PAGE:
19 Apr 2017

13 Reasons Why is being called out for trivialising suicide

8:15 am on 19 April 2017

It's provoking conversation about mental health, but does the series do more harm than good?

Katherine Langford plays Hannah Baker in the 13 Reasons Why.

Katherine Langford plays Hannah Baker in the 13 Reasons Why. Photo: Netflix

"Irresponsible, unsafe, and unethical" - that's how the Mental Health Foundation is describing the Netflix series 13 Reasons Why, a story about a teenager who commits suicide.

Since its release two weeks ago it has been the most widely shared streaming programme ever on social media.

But counsellors said the show was putting vulnerable people who are struggling with suicidal thoughts at risk.

The series, based on a 2007 novel with the same name, follows a character called Hannah Baker who leaves behind 13 tapes, one for each of the people she says caused her to end her life.

The series shows two graphic and detailed rape scenes, as well as an unspeakably grim three-minute scene of Hannah's death.

Mental Health Foundation chief executive Shaun Robinson said the show sensationalises, justifies and glamourises suicide and should never have been released. "It's actually quite an unethical programme and it's really exploiting young people and their concerns, and trivialising topics around mental health and suicide.

There appeared no hope of getting help and getting better in the series, and Robinson said he had seen social media posts where people said it was making them feel terrible, depressed and hopeless.

"I am very concerned about the very graphic and detailed portrayal of how Hannah takes her own life," he said. "I'm very concerned that this could seriously put young people's lives at risk."

School counsellor Sarah Maindonald, an executive member of the Association of Counsellors, agreed. "If you've got a 14-year-old girl who's already thinking about [suicide] because her life's pretty miserable - she might be bullied at school, or she hasn't got much support or friends, or she's not very good at expressing herself or asking for help - and she's seeing a glamourous picture in a drama, you know, this girl [in the show] does end up suiciding and leaves notes and suddenly everyone's talking about her and getting this kudos," she said.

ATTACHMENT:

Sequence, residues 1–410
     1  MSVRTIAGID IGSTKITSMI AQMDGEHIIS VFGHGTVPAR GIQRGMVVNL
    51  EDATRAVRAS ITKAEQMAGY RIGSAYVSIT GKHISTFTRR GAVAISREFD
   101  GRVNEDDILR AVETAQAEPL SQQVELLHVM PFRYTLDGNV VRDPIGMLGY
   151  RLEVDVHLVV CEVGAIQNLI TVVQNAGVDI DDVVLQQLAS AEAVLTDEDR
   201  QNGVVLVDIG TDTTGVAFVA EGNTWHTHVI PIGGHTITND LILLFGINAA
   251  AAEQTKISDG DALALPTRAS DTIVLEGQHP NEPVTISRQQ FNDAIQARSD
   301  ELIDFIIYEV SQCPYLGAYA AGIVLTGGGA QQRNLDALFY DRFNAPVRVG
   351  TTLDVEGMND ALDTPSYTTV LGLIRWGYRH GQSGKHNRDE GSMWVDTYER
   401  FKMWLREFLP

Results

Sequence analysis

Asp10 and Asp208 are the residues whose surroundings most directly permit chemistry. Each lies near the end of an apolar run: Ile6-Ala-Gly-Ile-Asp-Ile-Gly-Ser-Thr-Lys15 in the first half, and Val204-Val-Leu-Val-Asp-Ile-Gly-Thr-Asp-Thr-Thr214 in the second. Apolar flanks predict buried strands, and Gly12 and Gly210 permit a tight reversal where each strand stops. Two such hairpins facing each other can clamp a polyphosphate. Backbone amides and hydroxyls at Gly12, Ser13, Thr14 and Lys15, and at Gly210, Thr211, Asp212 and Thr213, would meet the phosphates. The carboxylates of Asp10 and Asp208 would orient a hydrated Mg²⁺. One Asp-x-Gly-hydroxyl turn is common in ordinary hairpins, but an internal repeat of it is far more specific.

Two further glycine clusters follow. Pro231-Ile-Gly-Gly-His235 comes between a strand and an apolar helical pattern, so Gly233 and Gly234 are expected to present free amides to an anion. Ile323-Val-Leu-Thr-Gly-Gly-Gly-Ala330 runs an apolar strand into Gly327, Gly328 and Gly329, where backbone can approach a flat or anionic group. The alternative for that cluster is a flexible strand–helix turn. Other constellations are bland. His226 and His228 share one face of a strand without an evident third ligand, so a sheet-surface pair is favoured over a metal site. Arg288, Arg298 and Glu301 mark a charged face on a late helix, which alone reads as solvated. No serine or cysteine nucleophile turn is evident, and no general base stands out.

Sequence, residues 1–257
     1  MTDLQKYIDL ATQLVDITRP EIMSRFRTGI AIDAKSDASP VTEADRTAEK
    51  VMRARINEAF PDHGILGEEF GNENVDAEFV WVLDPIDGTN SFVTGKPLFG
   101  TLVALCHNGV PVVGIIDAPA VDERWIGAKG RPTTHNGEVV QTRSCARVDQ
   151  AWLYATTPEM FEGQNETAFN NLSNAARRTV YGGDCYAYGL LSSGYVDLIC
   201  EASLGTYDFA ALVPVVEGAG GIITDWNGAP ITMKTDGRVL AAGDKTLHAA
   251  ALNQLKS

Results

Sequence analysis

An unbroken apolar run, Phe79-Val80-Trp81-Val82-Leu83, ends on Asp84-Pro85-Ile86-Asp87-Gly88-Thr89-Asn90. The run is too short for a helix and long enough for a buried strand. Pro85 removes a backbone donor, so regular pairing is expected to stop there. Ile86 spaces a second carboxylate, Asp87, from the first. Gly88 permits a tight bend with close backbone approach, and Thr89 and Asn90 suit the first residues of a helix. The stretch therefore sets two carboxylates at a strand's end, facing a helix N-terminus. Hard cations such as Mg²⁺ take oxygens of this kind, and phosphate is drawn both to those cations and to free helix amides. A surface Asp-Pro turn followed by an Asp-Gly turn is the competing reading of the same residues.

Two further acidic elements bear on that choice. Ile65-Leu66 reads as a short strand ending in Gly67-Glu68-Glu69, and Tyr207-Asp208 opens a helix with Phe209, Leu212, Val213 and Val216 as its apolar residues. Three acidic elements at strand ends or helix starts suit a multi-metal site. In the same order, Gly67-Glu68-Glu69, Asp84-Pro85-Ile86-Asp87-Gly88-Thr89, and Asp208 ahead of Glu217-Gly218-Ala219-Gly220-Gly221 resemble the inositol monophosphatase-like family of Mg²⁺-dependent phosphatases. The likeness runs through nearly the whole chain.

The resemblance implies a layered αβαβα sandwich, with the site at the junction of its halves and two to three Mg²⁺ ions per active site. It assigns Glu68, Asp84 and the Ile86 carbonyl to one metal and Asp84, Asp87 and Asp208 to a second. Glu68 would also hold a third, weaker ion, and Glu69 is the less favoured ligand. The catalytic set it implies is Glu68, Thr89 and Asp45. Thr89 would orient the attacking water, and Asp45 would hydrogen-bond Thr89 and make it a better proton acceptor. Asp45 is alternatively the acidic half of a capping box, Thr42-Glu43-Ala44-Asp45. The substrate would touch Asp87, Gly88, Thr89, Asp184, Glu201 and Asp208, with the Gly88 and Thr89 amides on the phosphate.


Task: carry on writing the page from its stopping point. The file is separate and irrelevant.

"That's a really dangerous message."

Netflix said it consulted several mental health professionals during production, had rated the programme for a mature audience only and had referred it to New Zealand's censorship office.

The company also released an accompanying 30-minute show that delves deeper into the tough topics portrayed, and its website directs viewers to local mental health resources.

Netflix said it supported the unflinching vision of its creators and was proud to offer a platform that could portray undoubtedly tough issues for young adults with complete and uncensored authenticity.

Grace, 17, watched the series with her mum and said most of her friend group had watched the show. It had got them talking.

"Sexual assault and suicide and things, people usually shy away from them," she said. "Especially in friend groups even and in school because they're taboo subjects."

"Having this show so widely talked about has had an effect on a lot of people, it's got people talking in a way nothing else has done up until this point."

Grace said the topic of suicide was such a taboo, teenagers were not given the information or tools they need to confront it. "[I am in] my last year of high school, so it's the last chance people have to guide us and walk with us to teach us these things before we go into the real world."

Youthline chief executive Stephen Bell said everyone needed to grapple with suicide prevention now the show has been released.

"It's come out like this with such stark stories because of the vacuum around the discussion," he said. "I find it really hard to say 'no, it should not have been released' because it's incredibly important for us as a country to start having these conversations.

"To cut through you have to have something that is about the reality. The danger of not talking about this is far greater," he said.

The Commonwealth Secretariat ranks New Zealand 83rd out of 183 countries for teenagers' health and well-being; and it consistently ranks among the worst in the world for its level of teen suicide.

Bell said fixing that required more money and removing the stigma around asking for help.


Lifeline: 0800 543 354

Suicide Crisis Helpline: 0508 828 865 / 0508 TAUTOKO

Depression Helpline: 0800 111 757

Samaritans: 0800 726 666

Youthline: 0800 376 633  or email talk@youthline.co.nz

Healthline: 0800 611 116


Rape Crisis national helpline: 0800 88 33 00

HELP Auckland: 09 623 1700

HELP Wellington: 04 801 6655

If it is an emergency and you feel like you or someone else is at risk, call 111.

- A version of this story was first published on RNZ.